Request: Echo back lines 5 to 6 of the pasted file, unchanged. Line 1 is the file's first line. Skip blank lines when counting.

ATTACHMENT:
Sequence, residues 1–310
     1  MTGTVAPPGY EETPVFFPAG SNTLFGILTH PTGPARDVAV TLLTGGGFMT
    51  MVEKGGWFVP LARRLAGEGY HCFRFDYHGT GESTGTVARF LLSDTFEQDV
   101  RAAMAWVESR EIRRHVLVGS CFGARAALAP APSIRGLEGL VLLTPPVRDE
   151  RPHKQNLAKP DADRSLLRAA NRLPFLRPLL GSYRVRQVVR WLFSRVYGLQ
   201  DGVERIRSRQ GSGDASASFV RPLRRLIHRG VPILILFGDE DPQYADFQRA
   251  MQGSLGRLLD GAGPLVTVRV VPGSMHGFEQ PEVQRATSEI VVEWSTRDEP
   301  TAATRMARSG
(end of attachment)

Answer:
   151  RPHKQNLAKP DADRSLLRAA NRLPFLRPLL GSYRVRQVVR WLFSRVYGLQ
   201  DGVERIRSRQ GSGDASASFV RPLRRLIHRG VPILILFGDE DPQYADFQRA